Moving to a new building can be stressful, even if it’s exciting. And a property manager’s response to new tenants can either make or break move-in day expectations and affect resident retention. One of the best ways to ensure a seamless, stress-free move-in is by writing and sending a tenant welcome letter.
So, how do you craft a tenant welcome letter that’s informative and useful for new residents? Read on to find out!
In this post we cover:
- How do you introduce yourself to tenants?
- What makes a great tenant welcome letter?
- What should an apartment welcome letter include?
- How to send a welcome letter
- When to send a welcome letter
How do you introduce yourself to tenants?
Introducing yourself to new tenants is an important first step in fostering a good resident/manager relationship — something that could also dictate their feelings about lease renewal.
So, how do you introduce yourself to tenants?
The best way to introduce yourself to a new tenant is to craft a compelling and informative tenant welcome letter. This letter will not only make them feel welcome but also answer questions they may have before officially moving in.
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What makes a great tenant welcome letter?
A great tenant welcome letter provides all the most important information tenants will need to know before moving in, but also makes them feel welcomed and excited to move into their new home.
Do you remember your experience with a new property manager or landlord? Thinking about how your new resident would like to be addressed is a good place to start when writing a welcome letter.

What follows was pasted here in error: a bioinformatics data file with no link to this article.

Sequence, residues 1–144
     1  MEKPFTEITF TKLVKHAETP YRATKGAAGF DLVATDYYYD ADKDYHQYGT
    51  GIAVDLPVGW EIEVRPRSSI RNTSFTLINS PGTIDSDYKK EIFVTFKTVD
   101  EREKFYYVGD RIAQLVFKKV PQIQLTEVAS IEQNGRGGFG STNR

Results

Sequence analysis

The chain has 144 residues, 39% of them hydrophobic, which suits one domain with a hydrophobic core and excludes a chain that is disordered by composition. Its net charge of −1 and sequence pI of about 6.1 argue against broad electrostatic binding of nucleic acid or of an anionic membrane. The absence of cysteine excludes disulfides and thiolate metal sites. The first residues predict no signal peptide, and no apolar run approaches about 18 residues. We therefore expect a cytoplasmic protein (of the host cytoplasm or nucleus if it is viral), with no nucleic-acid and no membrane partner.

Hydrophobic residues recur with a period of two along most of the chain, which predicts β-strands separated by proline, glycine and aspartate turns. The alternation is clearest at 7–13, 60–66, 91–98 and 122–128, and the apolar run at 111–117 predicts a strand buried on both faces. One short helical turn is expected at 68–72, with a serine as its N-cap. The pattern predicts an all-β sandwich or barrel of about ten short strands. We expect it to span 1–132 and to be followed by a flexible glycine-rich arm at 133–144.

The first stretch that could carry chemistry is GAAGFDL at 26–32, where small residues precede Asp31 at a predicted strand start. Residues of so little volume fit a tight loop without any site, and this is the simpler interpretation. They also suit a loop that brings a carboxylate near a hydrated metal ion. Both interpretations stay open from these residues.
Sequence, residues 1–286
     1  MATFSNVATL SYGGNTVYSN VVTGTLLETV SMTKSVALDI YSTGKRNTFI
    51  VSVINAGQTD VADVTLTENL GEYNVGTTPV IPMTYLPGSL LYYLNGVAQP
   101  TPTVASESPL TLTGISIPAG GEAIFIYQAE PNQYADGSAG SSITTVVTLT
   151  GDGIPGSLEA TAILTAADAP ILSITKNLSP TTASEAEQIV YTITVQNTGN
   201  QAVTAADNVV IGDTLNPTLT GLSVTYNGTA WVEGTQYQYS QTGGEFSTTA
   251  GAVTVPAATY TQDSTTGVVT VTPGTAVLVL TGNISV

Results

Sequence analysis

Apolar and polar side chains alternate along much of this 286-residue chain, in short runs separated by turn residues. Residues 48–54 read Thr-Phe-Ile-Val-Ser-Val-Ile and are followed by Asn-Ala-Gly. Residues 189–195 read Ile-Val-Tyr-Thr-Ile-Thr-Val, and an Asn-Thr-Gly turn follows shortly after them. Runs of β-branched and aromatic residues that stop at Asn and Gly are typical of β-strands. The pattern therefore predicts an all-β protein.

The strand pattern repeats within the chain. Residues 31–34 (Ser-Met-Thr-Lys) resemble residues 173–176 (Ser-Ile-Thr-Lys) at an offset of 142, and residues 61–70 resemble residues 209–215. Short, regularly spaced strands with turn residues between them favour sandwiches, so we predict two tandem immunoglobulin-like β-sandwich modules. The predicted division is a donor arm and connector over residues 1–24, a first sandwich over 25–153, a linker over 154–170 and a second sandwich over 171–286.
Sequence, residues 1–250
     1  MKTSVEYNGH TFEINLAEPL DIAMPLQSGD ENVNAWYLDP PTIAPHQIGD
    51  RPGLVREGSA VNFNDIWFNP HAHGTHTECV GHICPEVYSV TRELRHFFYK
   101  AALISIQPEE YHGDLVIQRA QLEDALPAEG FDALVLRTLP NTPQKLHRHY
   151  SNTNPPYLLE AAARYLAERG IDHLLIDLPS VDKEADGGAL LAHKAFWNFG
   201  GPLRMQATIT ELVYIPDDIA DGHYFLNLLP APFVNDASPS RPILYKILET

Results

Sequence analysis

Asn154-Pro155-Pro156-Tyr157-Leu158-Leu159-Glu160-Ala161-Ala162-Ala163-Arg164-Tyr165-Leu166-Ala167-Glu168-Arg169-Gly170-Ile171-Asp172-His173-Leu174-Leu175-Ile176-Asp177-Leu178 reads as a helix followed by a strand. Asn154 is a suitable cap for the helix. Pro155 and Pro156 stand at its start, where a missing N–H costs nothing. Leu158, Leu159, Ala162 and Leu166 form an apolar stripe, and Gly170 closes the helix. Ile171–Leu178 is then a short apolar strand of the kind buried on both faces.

In general, the tone of a good tenant welcome letter is a mix of informative and friendly. It’s also well-crafted and answers questions that a new tenant may not have thought of prior to receiving the letter.
A good thing to remember when writing a welcome letter is this: Renters are putting money into a livable service, and your letter will serve as a reference for what they can expect.
What should an apartment welcome letter include?
There are quite a few important components a tenant welcome letter needs. This is the best opportunity you’re going to have to make sure a new tenant has everything they need to succeed.
The most important details to put in a property manager welcome letter:
- General welcome message
- Your contact information
- Date of move-in
- Key pick up
- Information about utilities
- Move-in day instructions
- Parking information
- Trash and recycling
- Building rules and regulations
- Neighborhood guide
- Rent payment
General welcome message
First, start by introducing yourself. Welcome the new resident to the neighborhood and the building. Then, let them know how you hope to help them settle in.
Your contact information
Once you’ve introduced yourself, give them the best way to contact you should they have any questions. Offer ideal contact times so they know when you’ll be more likely to reply.
Date of move-in
Your new tenants likely already know when they’re moving in, but having the exact date in writing is a good rule of thumb. This will also give them written confirmation that you’re aware of their move-in date.
If you’d like, you can even include some moving tips, such as how to pack breakables or how to plan a stress-free move.
Key pick up
Perhaps one of the most important details to include in your welcome letter is information about key pick up. Tenants want to know when they can expect to have access to their new place so they can plan ahead, and where they can find their new keys.